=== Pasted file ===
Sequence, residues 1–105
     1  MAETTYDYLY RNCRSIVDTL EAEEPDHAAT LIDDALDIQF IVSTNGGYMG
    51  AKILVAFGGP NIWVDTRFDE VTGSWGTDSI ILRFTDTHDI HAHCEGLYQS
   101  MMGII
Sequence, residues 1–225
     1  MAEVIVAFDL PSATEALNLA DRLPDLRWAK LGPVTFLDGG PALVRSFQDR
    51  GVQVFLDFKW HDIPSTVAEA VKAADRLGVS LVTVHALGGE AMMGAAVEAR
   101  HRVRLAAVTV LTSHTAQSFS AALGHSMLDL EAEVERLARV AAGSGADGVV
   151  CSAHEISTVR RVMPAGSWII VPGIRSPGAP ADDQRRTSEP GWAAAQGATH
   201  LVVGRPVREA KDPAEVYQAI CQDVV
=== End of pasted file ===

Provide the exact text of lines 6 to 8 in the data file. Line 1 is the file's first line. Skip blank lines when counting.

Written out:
     1  MAEVIVAFDL PSATEALNLA DRLPDLRWAK LGPVTFLDGG PALVRSFQDR
    51  GVQVFLDFKW HDIPSTVAEA VKAADRLGVS LVTVHALGGE AMMGAAVEAR
   101  HRVRLAAVTV LTSHTAQSFS AALGHSMLDL EAEVERLARV AAGSGADGVV